Food Photographer Tells the Story of the Honey Bee

What is it about honey that we love so much? The dance it does with our taste buds, its sweetness melting in our mouths? The texture – somehow rough and soft at the same time? The sugar rush, a natural high flowing through the bloodstream? The tapestry of colors and flavors, jumping from dark amber to light citrus, orange to lavender?

Whatever the reason we love it so, honey does more than feed us; it honors the Earth. Honeybees, the makers of honey, help maintain the planet’s ecosystem and play an important role in creating food and shelter through pollination.  They’re interesting too!

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Whole honeycomb frame with pure honey. © Lorena Masso

In the honeybee world, there are three hierarchy levels: The queen, the drones, and the honey workers. Each bee on each level has an important job to complete.

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A small entrance to the hive for the winter. This small entrance protects the beehive from yellow jackets coming and other predators coming in and stealing honey since food is very limited during winter time. © Lorena Masso

The queen is in charge (naturally) and her role is to unite the hive, keep things running, and lay eggs. The drones help with the latter as their role is to mate with the queen. The worker bees make the honey, flying from flower to flower and sucking out the nectar. They save it in their special stomachs and later pass it onto other bees once they’re back at the hive.  This is an important step in the honey making process!

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Honey Bees looking for nectar and pollen. © Lorena Masso

But bees don’t rely on nectar alone: They collect pollen too. While pollen may be an allergen for many of us, causing stuffy noses and watery eyes, it’s vital to the food chain. Bees use pollen to pollinate fruits and vegetables, everything from tangy cherries to crunchy almonds, from creamy avocadoes to sweet strawberries. Without pollinators, we would have far fewer food choices than we do now (and we’d have a hard time existing as a result). In fact, 80% of our crops require pollination.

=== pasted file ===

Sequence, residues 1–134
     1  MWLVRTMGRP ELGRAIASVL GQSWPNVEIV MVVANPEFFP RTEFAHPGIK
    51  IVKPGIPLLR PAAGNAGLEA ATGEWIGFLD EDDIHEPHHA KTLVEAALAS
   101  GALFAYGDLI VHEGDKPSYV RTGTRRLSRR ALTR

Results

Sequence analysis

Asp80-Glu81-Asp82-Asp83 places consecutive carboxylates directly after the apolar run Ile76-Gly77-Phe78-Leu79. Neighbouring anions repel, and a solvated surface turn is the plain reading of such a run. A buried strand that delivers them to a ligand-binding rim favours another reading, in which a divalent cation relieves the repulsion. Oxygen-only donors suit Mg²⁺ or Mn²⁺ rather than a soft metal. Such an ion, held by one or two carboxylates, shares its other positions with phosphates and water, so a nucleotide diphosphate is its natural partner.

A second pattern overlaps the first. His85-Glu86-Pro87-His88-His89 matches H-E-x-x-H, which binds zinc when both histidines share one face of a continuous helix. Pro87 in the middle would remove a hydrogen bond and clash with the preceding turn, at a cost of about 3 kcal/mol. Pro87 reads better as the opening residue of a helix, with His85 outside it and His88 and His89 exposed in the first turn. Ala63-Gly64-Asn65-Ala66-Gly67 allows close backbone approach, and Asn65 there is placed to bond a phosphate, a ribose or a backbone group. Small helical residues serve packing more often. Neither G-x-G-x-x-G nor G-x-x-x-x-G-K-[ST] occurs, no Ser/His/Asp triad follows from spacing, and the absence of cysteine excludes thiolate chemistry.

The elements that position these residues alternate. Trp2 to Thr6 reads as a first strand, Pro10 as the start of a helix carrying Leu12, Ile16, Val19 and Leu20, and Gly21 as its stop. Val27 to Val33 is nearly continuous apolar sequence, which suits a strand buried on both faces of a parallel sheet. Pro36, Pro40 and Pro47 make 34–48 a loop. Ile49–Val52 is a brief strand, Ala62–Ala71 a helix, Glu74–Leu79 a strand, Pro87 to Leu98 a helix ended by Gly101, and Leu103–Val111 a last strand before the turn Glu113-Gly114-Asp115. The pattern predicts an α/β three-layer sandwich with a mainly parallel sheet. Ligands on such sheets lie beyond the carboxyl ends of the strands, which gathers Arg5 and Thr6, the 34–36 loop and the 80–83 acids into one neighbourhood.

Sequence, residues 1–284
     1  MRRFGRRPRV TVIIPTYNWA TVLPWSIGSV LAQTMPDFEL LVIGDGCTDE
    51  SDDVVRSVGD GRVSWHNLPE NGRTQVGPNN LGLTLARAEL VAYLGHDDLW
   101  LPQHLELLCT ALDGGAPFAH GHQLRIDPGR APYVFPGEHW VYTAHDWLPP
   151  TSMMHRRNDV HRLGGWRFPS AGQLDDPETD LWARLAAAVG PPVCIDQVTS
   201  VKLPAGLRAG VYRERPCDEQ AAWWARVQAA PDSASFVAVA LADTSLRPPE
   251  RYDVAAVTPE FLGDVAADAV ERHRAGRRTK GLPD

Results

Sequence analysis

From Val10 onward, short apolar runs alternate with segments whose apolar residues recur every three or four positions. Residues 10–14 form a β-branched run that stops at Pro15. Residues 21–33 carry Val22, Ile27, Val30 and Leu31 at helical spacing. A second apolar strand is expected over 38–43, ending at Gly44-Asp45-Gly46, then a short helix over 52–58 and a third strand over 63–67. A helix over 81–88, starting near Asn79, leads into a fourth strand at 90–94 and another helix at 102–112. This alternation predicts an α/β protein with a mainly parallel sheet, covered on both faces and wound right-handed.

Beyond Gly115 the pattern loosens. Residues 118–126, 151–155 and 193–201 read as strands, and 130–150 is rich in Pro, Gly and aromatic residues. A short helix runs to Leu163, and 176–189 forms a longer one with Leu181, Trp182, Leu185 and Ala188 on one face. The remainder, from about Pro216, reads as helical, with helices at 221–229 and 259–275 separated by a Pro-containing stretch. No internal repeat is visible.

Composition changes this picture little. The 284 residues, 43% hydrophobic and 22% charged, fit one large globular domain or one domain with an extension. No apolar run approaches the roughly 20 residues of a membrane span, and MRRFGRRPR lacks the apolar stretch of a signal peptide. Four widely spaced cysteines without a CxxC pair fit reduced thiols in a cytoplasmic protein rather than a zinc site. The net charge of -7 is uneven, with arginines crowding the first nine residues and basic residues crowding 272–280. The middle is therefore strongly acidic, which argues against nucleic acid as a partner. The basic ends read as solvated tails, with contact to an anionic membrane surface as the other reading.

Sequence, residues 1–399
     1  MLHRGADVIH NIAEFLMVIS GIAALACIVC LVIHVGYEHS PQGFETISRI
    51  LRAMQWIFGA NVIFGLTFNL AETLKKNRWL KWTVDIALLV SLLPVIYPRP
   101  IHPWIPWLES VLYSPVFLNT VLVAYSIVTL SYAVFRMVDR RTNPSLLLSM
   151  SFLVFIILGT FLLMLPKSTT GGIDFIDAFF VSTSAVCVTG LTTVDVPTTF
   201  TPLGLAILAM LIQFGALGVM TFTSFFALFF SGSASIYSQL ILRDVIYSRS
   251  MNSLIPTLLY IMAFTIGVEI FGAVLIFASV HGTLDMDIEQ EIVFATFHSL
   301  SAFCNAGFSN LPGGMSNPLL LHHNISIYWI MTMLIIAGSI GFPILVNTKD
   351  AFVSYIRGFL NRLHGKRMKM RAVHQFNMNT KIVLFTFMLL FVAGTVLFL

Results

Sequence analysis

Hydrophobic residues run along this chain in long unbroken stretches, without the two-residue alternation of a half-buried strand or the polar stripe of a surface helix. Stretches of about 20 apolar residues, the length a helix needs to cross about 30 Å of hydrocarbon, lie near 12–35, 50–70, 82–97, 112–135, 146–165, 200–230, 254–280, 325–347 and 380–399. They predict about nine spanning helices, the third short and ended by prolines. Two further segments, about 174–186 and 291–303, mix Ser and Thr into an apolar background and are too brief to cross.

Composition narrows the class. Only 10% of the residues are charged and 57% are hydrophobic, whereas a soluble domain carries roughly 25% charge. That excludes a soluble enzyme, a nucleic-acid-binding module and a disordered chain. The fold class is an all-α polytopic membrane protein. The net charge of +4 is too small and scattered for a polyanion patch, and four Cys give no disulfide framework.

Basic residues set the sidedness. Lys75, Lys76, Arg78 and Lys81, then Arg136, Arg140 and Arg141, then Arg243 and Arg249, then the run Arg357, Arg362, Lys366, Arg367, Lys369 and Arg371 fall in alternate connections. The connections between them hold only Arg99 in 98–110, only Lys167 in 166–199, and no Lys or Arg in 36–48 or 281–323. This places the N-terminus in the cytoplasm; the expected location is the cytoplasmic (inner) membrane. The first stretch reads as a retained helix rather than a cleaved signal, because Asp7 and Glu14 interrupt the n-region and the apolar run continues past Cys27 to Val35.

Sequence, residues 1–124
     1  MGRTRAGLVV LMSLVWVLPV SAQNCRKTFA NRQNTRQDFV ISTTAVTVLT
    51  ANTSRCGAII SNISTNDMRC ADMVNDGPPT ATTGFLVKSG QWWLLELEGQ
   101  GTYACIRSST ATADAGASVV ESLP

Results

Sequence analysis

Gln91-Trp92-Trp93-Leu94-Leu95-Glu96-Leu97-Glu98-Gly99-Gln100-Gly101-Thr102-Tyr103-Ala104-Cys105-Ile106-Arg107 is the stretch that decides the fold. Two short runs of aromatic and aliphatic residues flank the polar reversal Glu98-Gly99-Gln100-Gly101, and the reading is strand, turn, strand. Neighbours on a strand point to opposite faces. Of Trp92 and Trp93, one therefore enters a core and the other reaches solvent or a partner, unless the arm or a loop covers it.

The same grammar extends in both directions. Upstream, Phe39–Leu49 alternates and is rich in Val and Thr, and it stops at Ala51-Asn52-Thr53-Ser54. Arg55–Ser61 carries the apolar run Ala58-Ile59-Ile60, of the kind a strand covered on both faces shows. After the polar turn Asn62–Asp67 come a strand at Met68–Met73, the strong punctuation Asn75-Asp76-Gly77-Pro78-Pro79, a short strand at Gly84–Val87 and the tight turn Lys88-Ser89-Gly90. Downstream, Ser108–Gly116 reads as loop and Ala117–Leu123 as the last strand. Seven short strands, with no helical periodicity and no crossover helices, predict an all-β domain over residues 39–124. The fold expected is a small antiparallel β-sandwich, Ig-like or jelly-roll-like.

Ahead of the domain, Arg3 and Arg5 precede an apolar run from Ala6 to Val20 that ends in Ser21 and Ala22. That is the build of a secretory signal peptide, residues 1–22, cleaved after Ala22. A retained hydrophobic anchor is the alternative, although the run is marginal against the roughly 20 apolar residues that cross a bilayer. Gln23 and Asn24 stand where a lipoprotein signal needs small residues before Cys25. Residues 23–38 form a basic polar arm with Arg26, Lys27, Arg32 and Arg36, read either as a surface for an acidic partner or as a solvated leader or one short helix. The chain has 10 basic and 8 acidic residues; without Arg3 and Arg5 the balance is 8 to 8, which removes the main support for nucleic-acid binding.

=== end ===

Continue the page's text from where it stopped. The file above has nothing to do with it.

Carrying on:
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Extracting the honey from the honeycomb. © Lorena Masso
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Raw, unpasteurized honey. © Lorena Masso

That’s why bees are so important; saving the bees means saving ourselves. In a world where bee populations are rapidly declining – due to bacteria, pesticides, and climate change – we must take initiative.

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Honey bees returning to the hive to pass the pollen and nectar to other bees waiting at the entrance. Also, bees ready to go and get more pollen and nectar! © Lorena Masso

A few things we can do include eliminating pesticides in our home gardens and using organic means of pest control instead. We can also plant a 10X10 garden filled with different colors. This attracts bees as they see all colors with the exception of red and have a strong sense of smell. We can even teach our children the importance of bees; they do much more than sting!

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The beehive in my backyard. The first 2 boxes are called brood box, the thinner one is called supper and the 3rd box is an empty brood box. I put the 3rd brood box on top of the supper since its empty and bees like to keep the hive warm. An empty box (no bees and no honey) will help to keep the beehive’s temperate higher during the winter time. © Lorena Masso

Honey is beautiful, nutritious and delicious. Drizzle plain Greek yogurt with couple of spoons of honey, top with almonds and roasted pumpkin seeds!

 

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Simple and delicious breakfast. Raw honey with Greek yogurt, pumpkin seed and almonds. © Lorena Masso

Next time we enjoy honey on our toast, cheese, or yogurt, let’s not forget that one honey bee works so hard and produces only 5 grams of honey in her lifetime! Let’s honor her hard work and commit to its survival. In the meantime, stay golden!

 

Lorena Masso is a food photographer based in San Francisco, you can view more of her photography on her Phoode profile
Farm to Table Food Photography

The farm-to-table movement is growing at an exponential rate. After years of enduring factory farms and unpronounceable preservatives, many of us are eager to support local businesses that share a more intimate connection with the food they’re vending. While we enjoy sharing the stories behind what ends up on our plate, that not entirely what this segment aims to accomplish. Instead, we try to impart photographers with ideas and advice on how to go about shooting journalistic farm to table food photography. From aesthetic tips to advice on how to approach new subjects, our goal is to help you tell the best story that you possibly can. There’s a story behind everything that we eat.